Mocking came from players on both sides of the ball when wide receiver Aldrick Robinson was horseshoed in by a crowd of media in the Redskins’ over-populated lockerroom Thursday night.
Robinson’s teammates patronized him for being a media star. Robinson would settle for being a member of the 53-man roster when camp concludes.
Offseason signings by the Redskins sent a clear message to Robinson that he was not doing enough. After being drafted in the sixth round in 2012, Robinson received playing time early before his snap count dwindled. Last season was the reverse. By the end of the year, Robinson was often on the field.
Then Andre Roberts signed in March and DeSean Jackson became a surprise addition in April. Jackson’s signing, in particular, seemed a nudge out the door for Robinson. Each are known as over-the-top speed threats, but Jackson’s deep-ball legacy is more regal. It’s also much more expensive. Robinson is on a one-year, $570,000 deal. Jackson signed a four-year, $32 million contract.
That leaves Robinson adapting as he works to latch on to the Redskins’ receivers group for the third season. Between Pierre Garcon, Jackson, Roberts, veteran Santana Moss and rookie Ryan Grant, five of likely six wide receiver spots are occupied. Robinson — a sixth-round pick out of SMU in 2011 — feels like this is rinse and repeat.
“As soon as they signed guys, I knew I had to step my game up even more,” Robinson said. “Being the guy I am, I’m always at the bottom of the list. I always got to play my way up and that’s what I’m going to try to continue to do.”
He had a good start in the Redskins’ 23-6 preseason opening win against the New England Patriots on Thursday night. Robinson caught three passes for 45 yards and a touchdown. He almost had a second touchdown, but he stuck his hand down to brace his fall when his legs became entangled with a defensive back. His hand pressed into the sideline of the end zone before his second foot landed inbounds, negating the score.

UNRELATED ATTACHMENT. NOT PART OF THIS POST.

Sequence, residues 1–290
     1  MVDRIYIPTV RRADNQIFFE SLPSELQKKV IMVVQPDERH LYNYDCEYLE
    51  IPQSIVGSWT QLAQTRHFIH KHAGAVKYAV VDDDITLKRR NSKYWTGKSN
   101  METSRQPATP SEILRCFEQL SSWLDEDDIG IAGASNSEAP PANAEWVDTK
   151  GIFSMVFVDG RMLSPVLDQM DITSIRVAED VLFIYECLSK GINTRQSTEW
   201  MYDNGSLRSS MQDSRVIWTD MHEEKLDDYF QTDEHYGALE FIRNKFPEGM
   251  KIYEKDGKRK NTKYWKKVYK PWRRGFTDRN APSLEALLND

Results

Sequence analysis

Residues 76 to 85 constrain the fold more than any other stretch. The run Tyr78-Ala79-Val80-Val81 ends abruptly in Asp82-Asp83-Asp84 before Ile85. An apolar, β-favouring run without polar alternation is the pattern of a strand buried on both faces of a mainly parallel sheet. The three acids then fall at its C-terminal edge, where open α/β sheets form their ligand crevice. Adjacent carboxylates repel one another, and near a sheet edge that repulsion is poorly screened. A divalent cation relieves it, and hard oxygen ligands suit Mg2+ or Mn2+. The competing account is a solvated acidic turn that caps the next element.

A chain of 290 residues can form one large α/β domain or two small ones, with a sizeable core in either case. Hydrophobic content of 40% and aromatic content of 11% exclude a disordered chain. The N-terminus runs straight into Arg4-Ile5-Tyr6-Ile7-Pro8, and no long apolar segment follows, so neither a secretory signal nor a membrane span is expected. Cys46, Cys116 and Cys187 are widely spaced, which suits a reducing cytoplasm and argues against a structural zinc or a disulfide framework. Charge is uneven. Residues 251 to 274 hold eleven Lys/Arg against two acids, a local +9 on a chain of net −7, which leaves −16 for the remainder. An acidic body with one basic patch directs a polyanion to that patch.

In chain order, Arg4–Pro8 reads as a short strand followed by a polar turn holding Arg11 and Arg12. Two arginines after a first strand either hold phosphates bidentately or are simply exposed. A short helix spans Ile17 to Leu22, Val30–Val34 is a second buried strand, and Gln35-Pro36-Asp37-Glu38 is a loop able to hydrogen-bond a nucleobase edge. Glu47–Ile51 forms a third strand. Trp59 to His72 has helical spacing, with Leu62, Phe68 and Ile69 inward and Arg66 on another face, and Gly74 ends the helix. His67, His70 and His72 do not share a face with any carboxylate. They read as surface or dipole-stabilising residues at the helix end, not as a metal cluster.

Robinson, 25, can at least look at Thursday as an opportunity taken. Jackson (ankle) and Garcon (hamstring) sat out. Without those two starters, Grant and Robinson became the most targeted Redskins receivers.
“Every time I get on the field it’s important,” Robinson said. “It’s a tough competition. It’s stiff. I know every time I get out there I have to take advantage of every opportunity I get.”
Robinson is battling preconception along with teammates. The view of Robinson is simple and one-dimensional, much in the way the critique of him is. He has plenty of speed to run deep routes. The end.
Having a new coach in Jay Gruden helps him try to derail prior thought. Wide receivers coach Ike Hilliard is back with Robinson. They worked together in 2012, Hilliard’s first stint with the Redskins. Robinson said another player could find it hard to break from a label. Not so for him.
“It depends on where your mindset is,” Robinson said. “With me, not at all. My mindset is I’m a good receiver. I can be a good receiver in this league. I can be an all-around receiver. I’ll always have that mindset and I’m going to continue to push toward it.
“You want to be know as an all-around player. You don’t want to be a one-trick pony in this league.”
Thursday, he tried to display better route running. His reliability as a pass-catcher has fluctuated his first two seasons, taking his playing time with it. That’s another issue that needs a fix.
Thursday’s near-touchdown and actual score were two examples of what Moss sees as a remedy for Robinson’s reputation and roster situation.
“Just make plays,” Moss, in his 14th season, said. “Make plays and you have the chance to be on any team.”
Then his teammates can tease him all they want.